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How Much it Really Costs Firms to Hire and Keep a Bad Recruit

Credential Sentry's Communication Team12/13/2022
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Loss of productivity, increased training costs, and even the risk of legal action (on account of, for example, hiring or retaining individuals without the proper credentials to perform their duties) all add up to a hefty price tag. Bringing the wrong person into an organization can also have a negative effect on the morale and productivity of the entire team. Not only is it essential to hire individuals who have undergone a rigorous screening process that includes professional license verification, but organizations should also continually re-verify the professional licensure status of new hires, as old verification data is as outdated as last month's bread. License verification should accompany assessments of who amongst prospects will be a good cultural fit, and who will be a productive contributor.

In this article, we will discuss the costs that can result from hiring and keeping the wrong person, as well as some strategies for avoiding these pitfalls in order to protect your company's reputation and ensure the success of the endeavor overall.

How Much Would a Bad Hire Cost Your Business?

A bad hire can constitute anything ranging from bringing on someone who doesn't align well with the company's culture to hiring someone without the proper credentials to work in a regulated occupation like medicine, law, or accounting.

According to research that CareerBuilder conducted a few years ago, when a business makes a bad hire, it can lose an average of $17,000.

However, this figure does not account for the indirect costs that can be associated with hiring the wrong person such as damage to morale, misallocation of resources and a negative impact on company culture.

Though hard to quantify, hiring an unlicensed professional or retaining an employee who has lost eligibility to practice their profession at some point while working at your organization can also generate costs. Reputational damage may precede financial liability to an organization’s stakeholders (including customers, vendors or other employees), especially if there is negligence in the course of conduct.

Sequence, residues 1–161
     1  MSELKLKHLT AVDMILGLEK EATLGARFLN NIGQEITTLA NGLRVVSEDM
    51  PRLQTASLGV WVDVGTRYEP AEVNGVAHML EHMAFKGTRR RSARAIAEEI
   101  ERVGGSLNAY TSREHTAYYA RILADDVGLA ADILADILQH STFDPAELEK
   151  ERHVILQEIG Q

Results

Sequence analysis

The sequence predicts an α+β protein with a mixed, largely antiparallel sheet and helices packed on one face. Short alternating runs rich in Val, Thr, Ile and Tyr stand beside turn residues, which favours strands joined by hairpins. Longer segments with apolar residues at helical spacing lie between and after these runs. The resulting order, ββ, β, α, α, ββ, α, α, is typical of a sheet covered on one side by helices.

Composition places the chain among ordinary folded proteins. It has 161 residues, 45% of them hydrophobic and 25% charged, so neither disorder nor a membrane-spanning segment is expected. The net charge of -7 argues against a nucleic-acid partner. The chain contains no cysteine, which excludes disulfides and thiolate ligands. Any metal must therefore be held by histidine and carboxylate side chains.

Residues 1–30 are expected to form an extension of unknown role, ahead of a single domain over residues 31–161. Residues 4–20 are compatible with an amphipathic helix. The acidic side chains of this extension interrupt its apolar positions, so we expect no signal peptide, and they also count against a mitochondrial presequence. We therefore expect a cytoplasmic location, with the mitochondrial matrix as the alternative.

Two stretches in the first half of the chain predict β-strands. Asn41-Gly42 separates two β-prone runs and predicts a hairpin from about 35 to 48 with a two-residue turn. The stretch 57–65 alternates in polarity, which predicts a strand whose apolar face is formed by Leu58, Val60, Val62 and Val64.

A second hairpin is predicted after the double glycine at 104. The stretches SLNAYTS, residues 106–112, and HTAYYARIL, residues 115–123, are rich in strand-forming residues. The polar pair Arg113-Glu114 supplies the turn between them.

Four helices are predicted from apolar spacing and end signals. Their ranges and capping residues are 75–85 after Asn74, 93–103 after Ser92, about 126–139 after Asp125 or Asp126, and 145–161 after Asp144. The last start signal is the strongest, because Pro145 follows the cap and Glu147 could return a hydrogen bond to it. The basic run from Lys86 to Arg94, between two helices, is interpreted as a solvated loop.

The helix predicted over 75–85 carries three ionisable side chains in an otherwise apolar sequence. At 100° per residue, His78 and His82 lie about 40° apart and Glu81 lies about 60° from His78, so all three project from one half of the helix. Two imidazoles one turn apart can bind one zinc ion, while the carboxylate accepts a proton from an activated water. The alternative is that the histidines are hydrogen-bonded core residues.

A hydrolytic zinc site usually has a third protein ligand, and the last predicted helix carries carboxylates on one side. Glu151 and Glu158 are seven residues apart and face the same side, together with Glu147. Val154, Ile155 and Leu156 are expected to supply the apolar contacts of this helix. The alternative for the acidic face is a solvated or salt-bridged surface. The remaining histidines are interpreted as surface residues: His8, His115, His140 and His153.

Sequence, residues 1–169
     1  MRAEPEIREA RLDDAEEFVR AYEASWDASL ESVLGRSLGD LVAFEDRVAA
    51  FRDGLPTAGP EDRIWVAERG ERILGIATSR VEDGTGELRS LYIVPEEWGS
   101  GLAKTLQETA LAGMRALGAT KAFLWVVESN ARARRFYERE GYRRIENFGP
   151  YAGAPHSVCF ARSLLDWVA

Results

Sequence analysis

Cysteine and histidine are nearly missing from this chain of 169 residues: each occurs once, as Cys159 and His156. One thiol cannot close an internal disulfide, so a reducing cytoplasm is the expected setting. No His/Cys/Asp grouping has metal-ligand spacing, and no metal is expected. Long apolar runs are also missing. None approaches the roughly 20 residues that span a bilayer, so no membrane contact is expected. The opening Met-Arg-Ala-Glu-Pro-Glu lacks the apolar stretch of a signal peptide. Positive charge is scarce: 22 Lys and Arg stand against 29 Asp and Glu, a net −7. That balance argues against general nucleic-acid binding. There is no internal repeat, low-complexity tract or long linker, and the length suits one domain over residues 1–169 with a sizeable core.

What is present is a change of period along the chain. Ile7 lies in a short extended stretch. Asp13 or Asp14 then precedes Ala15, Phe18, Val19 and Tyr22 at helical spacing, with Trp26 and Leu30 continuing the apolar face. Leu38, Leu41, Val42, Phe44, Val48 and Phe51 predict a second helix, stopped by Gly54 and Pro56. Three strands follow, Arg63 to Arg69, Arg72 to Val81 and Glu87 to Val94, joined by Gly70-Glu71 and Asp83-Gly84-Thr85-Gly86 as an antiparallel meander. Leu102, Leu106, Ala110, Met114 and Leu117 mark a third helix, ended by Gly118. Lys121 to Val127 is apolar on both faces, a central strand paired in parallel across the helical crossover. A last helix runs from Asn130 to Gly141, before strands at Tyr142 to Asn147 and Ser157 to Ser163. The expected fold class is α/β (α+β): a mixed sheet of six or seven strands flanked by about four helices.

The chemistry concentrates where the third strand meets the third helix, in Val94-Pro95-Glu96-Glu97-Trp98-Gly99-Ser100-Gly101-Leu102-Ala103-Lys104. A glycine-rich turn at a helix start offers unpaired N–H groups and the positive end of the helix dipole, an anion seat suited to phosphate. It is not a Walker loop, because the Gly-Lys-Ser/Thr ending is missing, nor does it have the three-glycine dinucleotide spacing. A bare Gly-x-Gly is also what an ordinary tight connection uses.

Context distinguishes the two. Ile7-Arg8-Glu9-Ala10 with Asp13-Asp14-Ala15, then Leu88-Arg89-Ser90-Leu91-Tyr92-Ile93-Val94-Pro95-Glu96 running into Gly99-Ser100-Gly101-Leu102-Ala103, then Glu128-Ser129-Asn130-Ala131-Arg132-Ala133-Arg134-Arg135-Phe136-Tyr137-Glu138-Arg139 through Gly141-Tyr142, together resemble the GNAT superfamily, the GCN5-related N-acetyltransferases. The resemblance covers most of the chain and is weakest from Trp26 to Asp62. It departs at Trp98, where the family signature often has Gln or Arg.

The CareerBuilder study also noted that 74% or nearly three in four employers are affected by a bad hire.

Rosemary Haefner, Chief Human Resources Officer at CareerBuilder, added that one symptom of a bad hire is disengagement, which is contagious and can spread to other employees, resulting in subpar performance and unethical conduct.

Direct expenses, like those listed below, contribute significantly to the overall financial losses caused by a bad hire:

  • Hiring Costs - The cost of hiring can quickly accumulate. Posting a new job advertisement, reviewing a new batch of resumes, re-conducting interviews, checking an additional set of references, and verifying professional and occupational licenses can consume considerable time and resources.
  • Severance - Expenses incurred as a result of having to terminate a problematic employee in accordance with the law, including anticipated or unexpected employment law-related legal fees.
  • Disruption Costs - When business operations are disrupted, certain costs frequently arise. Costs associated with disruptions can include lost revenue, overtime or contract workers to gap-fill a vacant role, or delays in ordinary business operations.
  • Compensation - Employee direct or indirect compensation includes their salary, benefits, and the cost of any training they may require. Also included are the costs associated with health insurance and retirement plans.

In addition to direct expenses, there are also indirect ones, which include: